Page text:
To be a psychologically safe endeavor, body self-optimization needs to stem from a place of kindness and nurture rather than criticism or shame toward oneself and one’s body. Distinguishing between these mindsets can be challenging but these questions might help:
Do you believe you’re not good enough as you are, and do you think improving your body and health will bring self-acceptance? Do you feel you only deserve love or attention if you become a better version of yourself or look a certain way? If you answer yes to these, focusing on self-love and self-care before diving into any optimization efforts is crucial.
Self-love and acceptance form the bedrock of meaningful self-improvement. Without them, challenges along the way may feel like evidence of our inadequacy, triggering cycles of shame and self-criticism. This can lead to unrealistic expectations, feeling of failure, shame, and a belief that feeling better is only possible by becoming a “better” version of oneself.
Compare it to learning to accept yourself as ok you are now, removing the pressure to become someone else and practicing taking care of your needs. You might discover that growth, change and improvement are among your needs and in addressing them, discipline and optimization become acts of self-love, supporting and nurturing your present self rather than a whip to force yourself to change.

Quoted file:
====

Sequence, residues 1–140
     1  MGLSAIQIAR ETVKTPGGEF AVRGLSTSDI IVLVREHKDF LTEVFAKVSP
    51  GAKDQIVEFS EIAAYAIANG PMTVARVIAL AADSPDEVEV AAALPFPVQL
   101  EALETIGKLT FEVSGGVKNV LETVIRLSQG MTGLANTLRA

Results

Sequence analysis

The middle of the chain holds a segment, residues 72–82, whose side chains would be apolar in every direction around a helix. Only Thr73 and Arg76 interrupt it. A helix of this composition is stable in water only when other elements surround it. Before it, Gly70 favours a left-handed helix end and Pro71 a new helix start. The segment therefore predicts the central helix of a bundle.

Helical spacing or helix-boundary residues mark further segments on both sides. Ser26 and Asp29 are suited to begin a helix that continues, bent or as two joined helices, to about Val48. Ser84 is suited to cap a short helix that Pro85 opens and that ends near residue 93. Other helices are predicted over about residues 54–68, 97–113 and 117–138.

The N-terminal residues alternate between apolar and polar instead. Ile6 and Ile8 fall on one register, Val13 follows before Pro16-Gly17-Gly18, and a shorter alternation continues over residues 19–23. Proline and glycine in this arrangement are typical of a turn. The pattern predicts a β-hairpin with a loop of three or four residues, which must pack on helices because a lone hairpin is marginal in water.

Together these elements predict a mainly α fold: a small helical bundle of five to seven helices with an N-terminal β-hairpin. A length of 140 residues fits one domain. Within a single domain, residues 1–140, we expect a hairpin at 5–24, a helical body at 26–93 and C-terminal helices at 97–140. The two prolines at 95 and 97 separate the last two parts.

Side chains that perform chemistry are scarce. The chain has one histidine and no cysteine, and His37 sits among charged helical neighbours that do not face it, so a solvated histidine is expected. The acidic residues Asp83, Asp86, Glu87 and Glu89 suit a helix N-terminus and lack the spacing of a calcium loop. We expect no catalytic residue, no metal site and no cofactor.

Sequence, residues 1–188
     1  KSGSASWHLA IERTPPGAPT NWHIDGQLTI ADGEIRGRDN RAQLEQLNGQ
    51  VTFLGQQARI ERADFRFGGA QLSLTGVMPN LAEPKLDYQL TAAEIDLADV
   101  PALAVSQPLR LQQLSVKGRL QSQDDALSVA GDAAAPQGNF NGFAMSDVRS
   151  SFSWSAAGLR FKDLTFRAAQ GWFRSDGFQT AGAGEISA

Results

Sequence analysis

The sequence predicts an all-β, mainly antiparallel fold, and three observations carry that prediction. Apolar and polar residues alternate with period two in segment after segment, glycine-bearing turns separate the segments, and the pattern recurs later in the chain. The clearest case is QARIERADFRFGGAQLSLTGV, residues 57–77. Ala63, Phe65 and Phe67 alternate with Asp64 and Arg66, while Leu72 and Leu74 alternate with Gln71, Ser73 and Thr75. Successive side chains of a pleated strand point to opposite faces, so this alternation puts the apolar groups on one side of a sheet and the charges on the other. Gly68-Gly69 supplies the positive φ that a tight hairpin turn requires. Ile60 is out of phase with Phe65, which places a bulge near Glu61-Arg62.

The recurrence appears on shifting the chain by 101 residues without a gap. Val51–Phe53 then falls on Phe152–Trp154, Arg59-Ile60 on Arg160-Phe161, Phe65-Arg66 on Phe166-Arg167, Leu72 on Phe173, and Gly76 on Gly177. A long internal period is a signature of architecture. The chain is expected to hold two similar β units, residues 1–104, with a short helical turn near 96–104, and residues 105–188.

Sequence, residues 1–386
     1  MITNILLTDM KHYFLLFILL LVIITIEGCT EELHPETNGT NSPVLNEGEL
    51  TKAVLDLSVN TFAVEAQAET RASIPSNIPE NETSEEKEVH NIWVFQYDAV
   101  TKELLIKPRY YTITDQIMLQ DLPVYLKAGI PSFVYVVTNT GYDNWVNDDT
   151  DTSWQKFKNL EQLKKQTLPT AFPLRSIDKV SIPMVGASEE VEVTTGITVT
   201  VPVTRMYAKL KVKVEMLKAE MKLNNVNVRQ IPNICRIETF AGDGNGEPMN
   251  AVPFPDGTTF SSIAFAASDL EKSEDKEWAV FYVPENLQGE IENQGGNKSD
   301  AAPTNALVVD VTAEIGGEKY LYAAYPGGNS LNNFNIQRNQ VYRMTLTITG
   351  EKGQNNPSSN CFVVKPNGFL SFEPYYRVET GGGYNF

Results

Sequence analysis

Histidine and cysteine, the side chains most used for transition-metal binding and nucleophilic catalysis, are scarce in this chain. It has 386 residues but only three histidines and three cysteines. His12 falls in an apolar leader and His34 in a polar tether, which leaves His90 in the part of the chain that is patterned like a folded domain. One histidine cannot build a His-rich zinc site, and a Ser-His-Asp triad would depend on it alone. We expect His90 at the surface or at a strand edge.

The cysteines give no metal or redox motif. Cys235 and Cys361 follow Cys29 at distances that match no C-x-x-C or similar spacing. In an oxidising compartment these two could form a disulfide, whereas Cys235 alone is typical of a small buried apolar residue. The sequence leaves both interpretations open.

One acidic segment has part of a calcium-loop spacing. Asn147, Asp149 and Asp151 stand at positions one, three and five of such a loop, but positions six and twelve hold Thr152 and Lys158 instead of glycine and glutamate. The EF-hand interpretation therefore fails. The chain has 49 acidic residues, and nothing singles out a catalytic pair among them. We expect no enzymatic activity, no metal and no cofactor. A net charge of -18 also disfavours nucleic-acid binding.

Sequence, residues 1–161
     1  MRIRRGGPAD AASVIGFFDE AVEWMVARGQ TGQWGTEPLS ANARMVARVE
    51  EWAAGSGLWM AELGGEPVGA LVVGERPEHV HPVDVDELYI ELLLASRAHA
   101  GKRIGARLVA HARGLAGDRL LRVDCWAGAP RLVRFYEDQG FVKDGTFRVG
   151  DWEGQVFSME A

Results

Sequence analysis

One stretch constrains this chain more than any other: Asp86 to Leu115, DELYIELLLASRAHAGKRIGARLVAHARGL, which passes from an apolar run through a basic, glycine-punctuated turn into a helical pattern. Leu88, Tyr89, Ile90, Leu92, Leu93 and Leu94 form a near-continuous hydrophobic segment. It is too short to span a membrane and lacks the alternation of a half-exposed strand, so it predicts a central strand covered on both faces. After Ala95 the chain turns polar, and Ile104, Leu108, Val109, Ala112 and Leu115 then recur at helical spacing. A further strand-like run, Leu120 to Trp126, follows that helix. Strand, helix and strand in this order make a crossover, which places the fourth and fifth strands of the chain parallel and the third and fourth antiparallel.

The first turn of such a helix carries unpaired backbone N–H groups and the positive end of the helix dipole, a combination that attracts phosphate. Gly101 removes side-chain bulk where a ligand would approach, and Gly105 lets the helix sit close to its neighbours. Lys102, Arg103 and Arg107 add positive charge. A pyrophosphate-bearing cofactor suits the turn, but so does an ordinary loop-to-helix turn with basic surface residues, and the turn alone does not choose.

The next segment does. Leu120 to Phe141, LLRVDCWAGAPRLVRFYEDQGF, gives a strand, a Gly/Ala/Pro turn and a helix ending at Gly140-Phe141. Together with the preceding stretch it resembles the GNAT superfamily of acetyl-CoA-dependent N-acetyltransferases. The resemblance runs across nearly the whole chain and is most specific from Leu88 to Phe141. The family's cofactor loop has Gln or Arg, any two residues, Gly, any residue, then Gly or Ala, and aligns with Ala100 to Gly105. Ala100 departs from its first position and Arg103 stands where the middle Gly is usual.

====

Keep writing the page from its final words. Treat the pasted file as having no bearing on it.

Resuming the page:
Action points: In the process of self-optimization, check in with the feelings you have towards yourself as you are now. If there’s little warmth and acceptance or if you notice shame – take a moment to feel them and practice selfcare. Start new optimization projects (exercise, nutrition changes, etc.) when you feel good and warm about yourself.
Avoiding the pitfalls of achievement mentality
Our bodies provide a space and framework for being instead of doing and achieving and in the modern world – god knows – we need these spaces. And we need to be careful not to transform these spaces into another form of achievement. Have I reached the best sleep? Have I achieved the meditative state I was striving for? Did I walk my 10 000 steps?
Awareness and mindfulness of being are vulnerable to immediate conversion into the achievement of doing. So how do I foster my growth without losing a safe space within myself where I don’t have to run after my next golden star (or my watch celebrating me hitting my goals) but instead can lower my shoulders? Prioritizing rest is something that we need to see as part of optimization. If you are doing more you also need to be non-doing more, keeping doing and being in balance.
Action points: Actively schedule rest and activities that don’t lead to any achievement but rather create a flow state in your days. An aimless walk in the forest, a one-person dance party, a blocked off hour in the calendar with nothing in it – they are just as important as your active hours.
All in all, body self-optimization requires a careful balance. It involves both leveraging the power of technological tools we have and preserving, nurturing and developing our natural mind-body connection. By prioritizing self-acceptance and embracing moments of non-doing, we pave the way for a more balanced and fulfilling journey towards both physical and mental well-being.